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Podcast #28: Part II Sticky Questions for a Hospice Pioneer with Barbara Karnes

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In Part II of our conversation, Barbara Karnes, RN and I move into talking about some harder questions that come up in the end-of-life arena, including: When someone is reluctant to have a conversation about the end of life, how might we approach the topic? Is calling in hospice a “defeat” in some way? How has hospice changed and evolved in the years since it first began in the U.S.? How do “doulas” fit into the picture? And in not talking about death directly – or perhaps in not experiencing it as directly as the generations before us – what have we lost? What do we have to gain?

Podcast Transcript Below

[00:00:00] Diane Hullet: in today’s podcast. I’ll be having part two of a conversation with author speaker thought leader, an expert on end of life care and the dynamics of dying Barbara county. In part one, I recorded an introduction about Barbara. So here in part two, I’ll just say that Barbara is probably best known for her pioneering work in helping to develop the hospice movement in this country and for her dedication to educating families and individuals around what happens when people die.

[00:00:37] Her little blue hospice book called, gone from my sight has sold over 35 million copies and has been translated into 13 languages. Barbara began our work with hospice in 1981, when there was very little written material for end of life caregivers, whether they were lay people, family, or professionals, and hospice, as we know it now was in its infancy.[00:01:00]

[00:01:00] From that period until now, Barbara has been an educator and caregiver for the dying and their families. In the second part of our podcast together, I asked her to address a few sticky questions and we dig deeper into how to make the end of life be the best that it can possibly be for the dying and for their families and friends.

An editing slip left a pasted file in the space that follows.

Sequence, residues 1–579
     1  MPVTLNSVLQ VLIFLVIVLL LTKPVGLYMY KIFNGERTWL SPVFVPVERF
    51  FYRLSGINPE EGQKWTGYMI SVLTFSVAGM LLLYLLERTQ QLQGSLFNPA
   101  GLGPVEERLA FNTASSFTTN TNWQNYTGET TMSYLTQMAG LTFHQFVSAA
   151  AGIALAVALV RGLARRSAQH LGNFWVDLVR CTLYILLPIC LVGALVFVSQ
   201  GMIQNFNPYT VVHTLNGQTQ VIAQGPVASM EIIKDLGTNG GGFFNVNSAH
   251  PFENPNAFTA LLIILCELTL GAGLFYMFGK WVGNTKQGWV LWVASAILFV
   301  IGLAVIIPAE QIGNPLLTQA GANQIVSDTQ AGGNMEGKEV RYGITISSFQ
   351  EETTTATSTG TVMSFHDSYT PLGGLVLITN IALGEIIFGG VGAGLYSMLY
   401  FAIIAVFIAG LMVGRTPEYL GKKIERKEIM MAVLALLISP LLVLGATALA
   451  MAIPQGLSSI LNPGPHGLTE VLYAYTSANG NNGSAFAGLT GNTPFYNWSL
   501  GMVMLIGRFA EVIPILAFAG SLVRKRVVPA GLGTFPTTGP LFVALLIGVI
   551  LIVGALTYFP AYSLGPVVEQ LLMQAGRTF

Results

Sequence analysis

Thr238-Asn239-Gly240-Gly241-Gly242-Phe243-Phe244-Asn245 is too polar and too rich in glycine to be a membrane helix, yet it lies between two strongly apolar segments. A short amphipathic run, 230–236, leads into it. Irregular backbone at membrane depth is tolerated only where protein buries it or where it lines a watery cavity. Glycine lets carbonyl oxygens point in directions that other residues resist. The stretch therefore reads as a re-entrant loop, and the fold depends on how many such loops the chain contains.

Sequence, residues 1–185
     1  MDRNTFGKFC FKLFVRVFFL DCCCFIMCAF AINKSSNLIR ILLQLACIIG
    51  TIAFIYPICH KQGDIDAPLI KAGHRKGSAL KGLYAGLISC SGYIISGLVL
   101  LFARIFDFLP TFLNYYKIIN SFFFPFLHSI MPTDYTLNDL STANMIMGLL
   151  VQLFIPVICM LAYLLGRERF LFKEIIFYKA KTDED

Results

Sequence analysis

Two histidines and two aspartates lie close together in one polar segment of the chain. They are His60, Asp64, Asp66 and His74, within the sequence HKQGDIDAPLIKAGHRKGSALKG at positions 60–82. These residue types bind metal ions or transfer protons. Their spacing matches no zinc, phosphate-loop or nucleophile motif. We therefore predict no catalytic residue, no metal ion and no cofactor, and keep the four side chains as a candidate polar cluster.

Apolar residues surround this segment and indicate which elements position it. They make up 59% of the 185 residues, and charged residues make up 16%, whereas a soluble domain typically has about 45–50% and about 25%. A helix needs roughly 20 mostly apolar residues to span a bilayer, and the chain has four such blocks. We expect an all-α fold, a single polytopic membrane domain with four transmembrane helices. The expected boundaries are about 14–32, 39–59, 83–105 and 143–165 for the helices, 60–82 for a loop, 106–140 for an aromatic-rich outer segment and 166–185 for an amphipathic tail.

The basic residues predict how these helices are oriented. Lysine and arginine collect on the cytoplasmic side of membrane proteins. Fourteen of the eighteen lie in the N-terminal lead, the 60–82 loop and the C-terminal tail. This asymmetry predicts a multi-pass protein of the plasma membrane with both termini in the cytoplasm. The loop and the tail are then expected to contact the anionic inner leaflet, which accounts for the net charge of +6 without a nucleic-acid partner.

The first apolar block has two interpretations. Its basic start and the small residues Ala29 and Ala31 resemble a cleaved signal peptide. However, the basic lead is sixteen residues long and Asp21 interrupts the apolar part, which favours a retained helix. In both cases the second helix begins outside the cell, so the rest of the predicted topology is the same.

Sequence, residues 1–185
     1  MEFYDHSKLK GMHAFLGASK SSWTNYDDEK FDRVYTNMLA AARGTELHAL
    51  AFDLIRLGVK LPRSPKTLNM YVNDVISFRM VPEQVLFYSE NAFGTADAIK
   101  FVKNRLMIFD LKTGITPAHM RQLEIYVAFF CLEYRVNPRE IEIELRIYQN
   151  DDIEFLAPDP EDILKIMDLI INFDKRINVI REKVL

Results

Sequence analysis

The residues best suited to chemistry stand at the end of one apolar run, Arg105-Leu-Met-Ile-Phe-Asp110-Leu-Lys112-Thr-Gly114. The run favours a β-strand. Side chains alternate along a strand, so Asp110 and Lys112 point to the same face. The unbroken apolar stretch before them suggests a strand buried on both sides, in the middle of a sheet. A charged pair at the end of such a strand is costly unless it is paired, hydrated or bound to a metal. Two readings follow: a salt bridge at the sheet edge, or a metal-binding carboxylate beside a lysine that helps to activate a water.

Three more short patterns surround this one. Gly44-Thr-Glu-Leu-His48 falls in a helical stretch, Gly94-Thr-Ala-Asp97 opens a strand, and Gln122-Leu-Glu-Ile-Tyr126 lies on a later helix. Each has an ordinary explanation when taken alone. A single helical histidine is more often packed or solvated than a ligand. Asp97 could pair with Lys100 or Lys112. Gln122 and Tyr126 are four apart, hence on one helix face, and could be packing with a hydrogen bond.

[00:01:19] Thanks for joining me here on the best life, best death podcast. Hi, Barbara. Welcome back. Good to be back. I’m very excited to have part two with Barbara Karnes. Um, And I want to note right@thebeginningthatyoucanfindoutmoreaboutbarbaraatbkbooks.com. She’s also on Facebook and Instagram and Barbara, and I talked last week about, um, you know, kind of her history of getting into end of life education and, um, how that began and kind of.

[00:01:51] In nursing school in the sixties, but then also in the early eighties, how would a prolific author she’s been in terms of helping families learn about end of [00:02:00] life and today on part two, I thought it would be interesting to go into some of the sort of sticky questions that come up, you know, some of the harder things.

[00:02:09] So, so the first question I would ask is. You know, so how do I talk to someone who does not want to have a direct conversation about death? You know, whether it’s the fact that I’m dying or the fact that I sensed that they are dying, or we know from a doctor that they can no longer be fixed. How do we broach this subject with somebody who is reluctant?

[00:02:32] Barbara Karnes: Well, when I meet someone for that first visit, I kind of set the ground rules and I say to them, I will talk about anything. I want you to know that I don’t lie. And I try really hard to not play games. So I th I’ve set the groundwork with the patient. [00:03:00] I will not insist, you know, I’m not there to say, look, I know you’re dying and you know, you’re dying.

[00:03:07] So we got to talk about it, but I let them know that I will talk about anything. And then my work is to develop, to develop a relationship with that patient so that they will be comfortable. In talking about anything and bringing up their fears with the family. I’m not quite as gentle in that. I, my job is to guide and prepare the family for that death of their loved ones.

[00:03:50] And so they don’t have to believe me, but I’m going to tell them where I think their [00:04:00] loved one is in the dying process. Months, weeks, days, hours, I’m going to guide them in that knowledge. But I’m not going to play the game of dad’s going to get better. And so I, as the, as the nurse and or doula am not gonna tell them, no, my job.

[00:04:26] Is to give them the knowledge so that they can have the experience. I do it gently, but honestly, so that’s a difference between working with the patient and I’m not going to lie to anybody, but I’m not going to bring up with the patient, but I’ll let that patient know. That

[00:04:51] Diane Hullet: you are available, that I’m available.

[00:04:53] How do you suggest if you’re not there, if there’s not a doula or a hospice person guiding that [00:05:00] conversation, do you have any thoughts on family members? Is it similar? Just kind of let them know that you’re available a soft glove rather than. Baseball bat,